The Future of Random Vibration Testing

Predict your product’s life expectancy through accelerated testing

If you're asking these questions, you need FDS

  • What is the best random test to simulate my product's environment?
  • How long should I be running my random test?
  • Can I accelerate my testing?

What is Fatigue Damage Spectrum?

  • Fatigue Damage Spectrum is random vibration spectrum based on Miner’s Rule of Damage.
  • Miner's Rule teaches that fatigue damage will accumulate over time until it reaches a level that causes a crack or other deformation of a product.

Time Domain Calculation

  • Calculation through time domain, not frequency domain to account for kurtosis you will likely see in the real world.
    The Fatigue Damage Spectrum is based on the response of single degree of freedom systems rather than FFTs.

    Display Imported File Statistics

  • Displays peak acceleration, velocity, displacement as well as the kurtosis of the time history file.
    This provides a quick and easy way to determine the statistics of a waveform.

    Configurable Process Parameters

  • The user can define the slope of the s/n curve (beta) and quality factor (Q).

    Reduce Test Time

  • User sets test item target life based on product specifications, as well as test duration.
    The software automatically calculates ratios that will produce the same amount of fatigue damage in shorter test time.

    Analysis to Control

  • With one mouse click, bring your new random breakpoints into a control profile.
    Go from a time waveform to a breakpoint profile and start controlling on that profile all in one program.

    Multiple Waveforms

  • Calculate the combined fatigue of multiple waveforms. Overlay and compare multiple waveforms on a single plot.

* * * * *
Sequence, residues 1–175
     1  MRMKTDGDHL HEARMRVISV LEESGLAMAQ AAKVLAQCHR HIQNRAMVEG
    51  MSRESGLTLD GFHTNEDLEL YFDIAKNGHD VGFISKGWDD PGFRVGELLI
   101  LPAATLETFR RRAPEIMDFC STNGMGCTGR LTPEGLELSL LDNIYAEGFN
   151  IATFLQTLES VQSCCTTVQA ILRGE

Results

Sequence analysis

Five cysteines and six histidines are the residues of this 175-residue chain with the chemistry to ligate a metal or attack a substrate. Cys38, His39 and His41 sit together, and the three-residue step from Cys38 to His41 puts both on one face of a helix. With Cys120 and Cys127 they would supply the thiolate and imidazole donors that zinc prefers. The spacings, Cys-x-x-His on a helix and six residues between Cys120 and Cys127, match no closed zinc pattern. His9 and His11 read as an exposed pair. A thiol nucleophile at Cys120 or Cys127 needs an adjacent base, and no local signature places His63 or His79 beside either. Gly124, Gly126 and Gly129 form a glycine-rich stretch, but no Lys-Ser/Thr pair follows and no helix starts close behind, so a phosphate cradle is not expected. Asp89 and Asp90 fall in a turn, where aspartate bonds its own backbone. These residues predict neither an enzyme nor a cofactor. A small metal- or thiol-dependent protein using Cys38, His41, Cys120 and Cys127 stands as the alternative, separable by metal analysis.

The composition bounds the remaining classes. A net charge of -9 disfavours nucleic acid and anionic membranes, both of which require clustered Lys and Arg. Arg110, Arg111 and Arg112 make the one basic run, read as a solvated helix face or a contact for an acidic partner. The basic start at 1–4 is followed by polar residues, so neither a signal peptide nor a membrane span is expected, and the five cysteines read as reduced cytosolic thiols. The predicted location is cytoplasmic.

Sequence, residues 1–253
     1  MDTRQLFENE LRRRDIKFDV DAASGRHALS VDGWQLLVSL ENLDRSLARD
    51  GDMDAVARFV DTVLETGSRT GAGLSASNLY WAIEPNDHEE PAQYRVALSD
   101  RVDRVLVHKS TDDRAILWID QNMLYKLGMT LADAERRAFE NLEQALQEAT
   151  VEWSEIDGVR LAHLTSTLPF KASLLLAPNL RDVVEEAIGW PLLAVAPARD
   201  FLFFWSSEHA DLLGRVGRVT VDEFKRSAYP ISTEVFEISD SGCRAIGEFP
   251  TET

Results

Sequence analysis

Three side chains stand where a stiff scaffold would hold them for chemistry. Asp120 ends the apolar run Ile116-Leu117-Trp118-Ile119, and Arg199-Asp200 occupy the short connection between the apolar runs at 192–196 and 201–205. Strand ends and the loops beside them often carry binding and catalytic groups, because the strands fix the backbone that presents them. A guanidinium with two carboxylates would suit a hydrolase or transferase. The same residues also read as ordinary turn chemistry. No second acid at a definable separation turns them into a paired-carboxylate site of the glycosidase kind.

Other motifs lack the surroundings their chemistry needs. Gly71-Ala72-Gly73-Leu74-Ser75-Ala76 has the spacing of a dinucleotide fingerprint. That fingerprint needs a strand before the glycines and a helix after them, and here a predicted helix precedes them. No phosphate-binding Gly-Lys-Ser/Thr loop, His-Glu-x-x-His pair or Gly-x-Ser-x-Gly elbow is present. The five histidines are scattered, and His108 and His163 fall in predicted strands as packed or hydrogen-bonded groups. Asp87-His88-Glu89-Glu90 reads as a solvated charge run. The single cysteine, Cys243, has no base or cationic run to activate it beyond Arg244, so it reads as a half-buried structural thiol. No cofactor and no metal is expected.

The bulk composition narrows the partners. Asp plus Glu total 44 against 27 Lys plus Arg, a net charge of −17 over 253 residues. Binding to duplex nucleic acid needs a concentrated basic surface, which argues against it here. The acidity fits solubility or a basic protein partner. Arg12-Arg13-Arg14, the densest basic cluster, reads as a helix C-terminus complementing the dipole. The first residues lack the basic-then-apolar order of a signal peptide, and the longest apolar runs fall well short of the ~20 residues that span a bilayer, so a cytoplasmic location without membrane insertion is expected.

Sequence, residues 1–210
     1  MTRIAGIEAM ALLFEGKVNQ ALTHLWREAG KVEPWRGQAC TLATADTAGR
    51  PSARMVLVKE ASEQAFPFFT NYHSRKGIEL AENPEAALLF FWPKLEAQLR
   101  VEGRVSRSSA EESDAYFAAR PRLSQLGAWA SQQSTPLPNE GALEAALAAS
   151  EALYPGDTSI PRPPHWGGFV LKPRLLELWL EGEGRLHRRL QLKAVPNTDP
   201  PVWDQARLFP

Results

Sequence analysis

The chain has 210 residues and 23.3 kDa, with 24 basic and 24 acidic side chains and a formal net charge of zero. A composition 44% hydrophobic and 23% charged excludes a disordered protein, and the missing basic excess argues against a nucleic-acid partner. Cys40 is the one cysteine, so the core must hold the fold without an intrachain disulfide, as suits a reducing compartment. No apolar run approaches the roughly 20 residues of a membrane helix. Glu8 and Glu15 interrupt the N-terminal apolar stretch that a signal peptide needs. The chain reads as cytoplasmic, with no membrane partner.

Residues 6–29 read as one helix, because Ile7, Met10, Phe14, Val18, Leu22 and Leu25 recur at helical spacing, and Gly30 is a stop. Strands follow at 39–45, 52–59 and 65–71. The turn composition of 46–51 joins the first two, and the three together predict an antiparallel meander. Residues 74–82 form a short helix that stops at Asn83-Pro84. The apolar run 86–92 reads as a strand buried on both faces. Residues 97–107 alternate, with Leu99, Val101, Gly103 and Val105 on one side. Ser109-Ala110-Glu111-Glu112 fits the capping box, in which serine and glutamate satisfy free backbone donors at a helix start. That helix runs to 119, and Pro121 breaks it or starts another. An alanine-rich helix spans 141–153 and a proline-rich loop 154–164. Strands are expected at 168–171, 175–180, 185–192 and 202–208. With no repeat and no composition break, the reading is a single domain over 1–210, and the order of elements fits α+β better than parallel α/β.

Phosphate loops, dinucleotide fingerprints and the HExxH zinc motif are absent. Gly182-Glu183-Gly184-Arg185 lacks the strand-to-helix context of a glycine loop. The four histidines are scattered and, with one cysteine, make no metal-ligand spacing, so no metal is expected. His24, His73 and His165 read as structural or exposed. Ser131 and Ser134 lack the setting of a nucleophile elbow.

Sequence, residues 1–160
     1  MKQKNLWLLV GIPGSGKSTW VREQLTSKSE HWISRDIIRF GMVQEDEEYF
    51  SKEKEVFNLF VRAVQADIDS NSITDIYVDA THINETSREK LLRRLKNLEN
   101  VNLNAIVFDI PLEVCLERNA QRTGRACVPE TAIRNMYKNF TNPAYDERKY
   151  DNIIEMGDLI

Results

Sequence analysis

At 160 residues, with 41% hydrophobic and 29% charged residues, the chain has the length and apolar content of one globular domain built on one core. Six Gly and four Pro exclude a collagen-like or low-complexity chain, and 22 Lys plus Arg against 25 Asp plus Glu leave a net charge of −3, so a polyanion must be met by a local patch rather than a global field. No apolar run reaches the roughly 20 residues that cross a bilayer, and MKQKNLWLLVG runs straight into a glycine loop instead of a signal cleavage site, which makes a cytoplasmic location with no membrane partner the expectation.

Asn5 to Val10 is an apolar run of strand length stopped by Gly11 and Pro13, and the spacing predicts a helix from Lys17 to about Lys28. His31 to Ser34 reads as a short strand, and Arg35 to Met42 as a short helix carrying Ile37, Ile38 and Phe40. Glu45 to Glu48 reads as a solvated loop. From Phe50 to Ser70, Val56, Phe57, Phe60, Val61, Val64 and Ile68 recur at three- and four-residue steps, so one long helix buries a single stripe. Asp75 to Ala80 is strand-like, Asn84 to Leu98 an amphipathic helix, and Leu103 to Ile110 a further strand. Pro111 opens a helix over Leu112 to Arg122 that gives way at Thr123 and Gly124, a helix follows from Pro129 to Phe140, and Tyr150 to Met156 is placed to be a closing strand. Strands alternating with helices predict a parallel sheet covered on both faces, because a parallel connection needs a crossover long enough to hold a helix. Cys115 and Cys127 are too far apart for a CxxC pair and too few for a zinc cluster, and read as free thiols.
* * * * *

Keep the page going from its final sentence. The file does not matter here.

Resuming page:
Includes Random Import (VR9204)

  • Compare multiple methods of generating a random profile.

Technical Papers and Presentations on Fatigue Damage Spectrum

Using Fatigue Damage Spectrum for Accelerated Testing with Correlation to End-Use Environment (2MB)

The accumulated damage that a product experiences in the field due to the variety of vibration stresses placed upon it will eventually cause failures in the product. The failure modes resulting from these dynamic stresses can be replicated in the laboratory and correlated to end use environment to validate target reliability requirements. This presentation addresses three fundamental questions about developing accelerated random vibration stress tests...download to read more...

written by Tom Achatz of GM and John Van Baren of Vibration Research

Using Fatigue Damage Spectrum for Accelerated Testing with Correlation to End-Use Environment (1.4MB)

PDF of slides as presented by John Van Baren and Tom Achatz at ASTR 2014

Fatigue Damage Spectrum for Repetitive Shock Machines & the HALT/HASS Process (2MB)

Overcoming decades of shortcomings, applying a Fatigue Damage Spectrum (FDS) to Repetitive Shock (RS) machines used in HALT (Highly Accelerated Life Tests) and HASS (Highly Accelerated Stress Screening) provides an improved use and analysis. FDS can be used to benchmark RS excitations and product responses to correlate them with End-Use-Environments (EUE), ED shakers and thus quantifying severities of different excitations. FDS expands the benefits of the HALT process by addressing EUEs and shaker excitations (RS and ED) and quantifies step stress levels, product strengths and margins, proof of screen, product responses and test compression to document progress toward reliability and confidence goals. Answers the questions, “When to “Stop HALTING” and “What are you doing to my product”

PDF of slides as presented by Stephen A. Smithson of Smithson & Associates, Inc. at ASTR 2014

A Primer on Fatigue Damage and Fatigue Damage Spectra (1.5MB)